However, on my first ride after the weight-shedding initiative:
In New Canaan, starting from a stop in front of Radio Shack I heard...POW! And the chain slid through the tube like an onion slithering out of an onion ring. It bunched up against the rear derailleur in maybe 1/8th of a second.
The chain had broken. Again. And I did not learn my lesson from the last time it happened as I once again did not have a chain tool with me. A visit to a nearby sports shop yielded nothing as it was closed on Sundays. I phoned a friend in town who I knew would have the crucial tool and got his voicemail.
But I wasn't far from the Metro North station, and that meant that instead of having to push the bike ten miles home I only needed to push it a little less than two.
When I finally got it home, I began to think long and hard about the recumbent's mortality. Then I stopped thinking long and hard and started thinking short and limp.
The bike just doesn't get used like the old days. I have a Dahon Matrix, which is the go-to short-range fighter/workhorse. A Bike Friday New World Tourist for long-range travel and speed. A homemade mountain bike for rough trails and bragging rights. An A-bike for...for...laughs (I guess), the Budget Supertrike for more laughs, and the DiamondSchwinn just to tie the workshop together.
I wondered if I wasn't using the recumbent as much because I felt like I had reached my limit with its limits: Six speeds isn't that many, and with the Bike Friday I feel that I can really open up the throttle and move faster. Perhaps it was time to see if I could bring the infamous dinner-plate sized 60-tooth chainring into the picture – after getting a new chain, of course. With a greater gear range I might use that bike more and it wouldn't be as prone to random breakage.
At least that's what I'm hoping. The Five Boro Bike Tour is less than two months away, and if the recumbent will live to see it's eighth one, maybe it should do it with twice as many speeds. Even if the bike ends up dying in a blaze of glory I'll know that I had given it all I had.
But giving it all I had would be a risky operation. As you can see, the bike just wasn't made to have multiple speeds. Not only is there no front derailleur, but there's no place to mount one.
I checked the Budget Supertrike to see how that front derailleur is mounted, and could plainly see that a little metal tube extending up from the bottom bracket was the way that bike rolled.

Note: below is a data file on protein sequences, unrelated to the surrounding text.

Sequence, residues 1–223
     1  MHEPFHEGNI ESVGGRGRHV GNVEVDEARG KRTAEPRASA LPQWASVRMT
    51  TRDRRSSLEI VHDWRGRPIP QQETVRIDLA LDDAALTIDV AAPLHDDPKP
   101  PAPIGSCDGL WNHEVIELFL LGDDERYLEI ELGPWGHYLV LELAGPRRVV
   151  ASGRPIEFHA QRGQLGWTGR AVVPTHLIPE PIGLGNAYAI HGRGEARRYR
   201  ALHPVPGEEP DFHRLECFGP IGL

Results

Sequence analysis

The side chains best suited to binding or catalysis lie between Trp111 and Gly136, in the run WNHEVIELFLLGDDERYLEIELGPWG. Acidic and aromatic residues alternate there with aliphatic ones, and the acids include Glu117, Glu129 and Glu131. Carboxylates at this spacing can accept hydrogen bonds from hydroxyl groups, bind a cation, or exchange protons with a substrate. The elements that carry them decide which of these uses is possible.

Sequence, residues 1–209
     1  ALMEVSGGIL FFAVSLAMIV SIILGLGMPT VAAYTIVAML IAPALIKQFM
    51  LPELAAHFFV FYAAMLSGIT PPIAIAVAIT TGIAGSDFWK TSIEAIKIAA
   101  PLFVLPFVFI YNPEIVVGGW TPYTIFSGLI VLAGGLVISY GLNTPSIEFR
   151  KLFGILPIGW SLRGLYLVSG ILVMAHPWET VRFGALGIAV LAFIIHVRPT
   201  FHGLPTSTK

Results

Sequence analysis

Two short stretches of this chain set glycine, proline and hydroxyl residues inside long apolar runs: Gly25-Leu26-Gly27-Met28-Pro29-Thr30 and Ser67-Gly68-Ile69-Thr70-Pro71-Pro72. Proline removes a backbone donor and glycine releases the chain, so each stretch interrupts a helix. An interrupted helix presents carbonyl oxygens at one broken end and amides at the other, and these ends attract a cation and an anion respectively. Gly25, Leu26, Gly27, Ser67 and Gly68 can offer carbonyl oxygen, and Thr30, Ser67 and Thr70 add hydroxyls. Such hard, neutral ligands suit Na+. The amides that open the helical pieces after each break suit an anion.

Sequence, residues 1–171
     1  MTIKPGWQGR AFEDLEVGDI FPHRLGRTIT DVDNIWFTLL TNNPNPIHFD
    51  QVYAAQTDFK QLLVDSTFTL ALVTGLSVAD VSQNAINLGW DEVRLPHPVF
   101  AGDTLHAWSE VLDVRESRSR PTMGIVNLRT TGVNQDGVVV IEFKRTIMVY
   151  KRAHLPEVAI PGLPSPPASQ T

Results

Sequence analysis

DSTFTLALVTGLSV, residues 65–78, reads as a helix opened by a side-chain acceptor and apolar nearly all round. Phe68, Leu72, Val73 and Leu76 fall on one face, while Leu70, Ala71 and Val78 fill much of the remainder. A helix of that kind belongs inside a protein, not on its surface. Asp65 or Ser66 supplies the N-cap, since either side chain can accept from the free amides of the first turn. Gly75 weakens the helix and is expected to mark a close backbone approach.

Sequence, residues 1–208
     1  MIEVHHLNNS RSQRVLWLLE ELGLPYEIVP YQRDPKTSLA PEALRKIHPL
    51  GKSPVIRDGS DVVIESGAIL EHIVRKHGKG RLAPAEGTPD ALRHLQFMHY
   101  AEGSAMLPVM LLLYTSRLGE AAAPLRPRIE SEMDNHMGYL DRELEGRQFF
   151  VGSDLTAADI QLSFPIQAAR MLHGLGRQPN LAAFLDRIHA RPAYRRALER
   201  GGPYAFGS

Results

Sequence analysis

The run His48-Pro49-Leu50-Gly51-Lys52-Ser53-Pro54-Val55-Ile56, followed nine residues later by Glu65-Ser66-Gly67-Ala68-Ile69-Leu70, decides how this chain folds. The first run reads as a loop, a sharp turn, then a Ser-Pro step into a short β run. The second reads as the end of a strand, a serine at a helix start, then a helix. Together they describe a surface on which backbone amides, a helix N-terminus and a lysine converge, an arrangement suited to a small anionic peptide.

I had serious reservations about welding something onto the recumbent's bottom bracket, but I was convinced the theory was sound. So I rummaged through a bin of Saved from the Scrapheap body parts and found the top tube of a child's bike that I thought would do the job. Not only did a front derailleur I had fit on it, but the overall finish matched that of the recumbent.
I moved the bike into the operating theater, using one of my recovered trainers as a workstand.
Even though the angle on the budget supertrike's frame put the metal tube right on the bottom bracket, I found the implications of welding on that particular part of the recumbent's anatomy to be too daunting. If I were to burn a hole in that or otherwise damage it, it would probably be game over.
I decided to use an angle grinder to make the tube fit as snugly against the part of the frame that connected to the bottom bracket. When I did that, I used one of my magnets to hold the little tube in place so I could see where the front derailleur might go. It looked as though it would work, I thought.
Everything was lined up. I prepped both parts with sandpaper to give the welds something to cling to. I checked the position of the pieces about 4,200 times. Finally, there was nothing left to do but break out the surgical equipment...and the surgical mask.
BZZZZZZZZZZZZ! BZZZZZZZZZZZZ! BZZZZZZZZZZZZ! BZZZ! BZZZZZZZZZZZZ!
Many years from now, if Storage Wars is still on the air, somebody is going to find this frame in a long-abandoned storage locker and the expert they bring it to to determine its worth will say: “This is a frame from the talented recumbent bike builder Milt Turner. It's one of his first Hypercycles made in the late seventies or early eighties.”
“What's it worth?” Barry Weiss (yeah, he'll still be alive) would ask.
“Well, it seems like some nitwit welded part of a kid's bike frame to the front. He obviously wasn't a very skilled welder or the welds would look really pretty, so this frame, which would otherwise be worth some money (cue the fake suspenseful drumroll) is worth nothing.”
Okay, Storage Wars producers of the future: the welds aren't pretty. I tried my hardest to make them so, but this was as far as I got. Because the parts of the frame are so close together it was very hard to see what I was doing because of the angles I was forced to use (until humans evolve so our eyes are on stalks, it'll be a recurring problem).
However, when I cleaned it up with a wire brush, it didn't look half bad. The untrained eye would think the bike was intentionally built that way. And the welds were strong, which was the more important thing.
Then I hit a snag, but I hope it's a small one: it seems the front derailleur I located is missing a crucial screw that would allow a shifting cable to stay in place. Do you see the hex bolt just near the 'a' in 'Blaster'? That's what needs to be replaced.
I'm going to head to some of my favorite bike stores today to see if I can replace the screw. Just in case they can't and I have to price out a whole new derailleur, I'm bringing the little piece of leftover metal that has the word 'Blaster' on it with me to make sure whatever I get will fit. Even after I do all that – and get a shifter and install a new, stronger chain – there is still no guarantee this will work.
To be continued...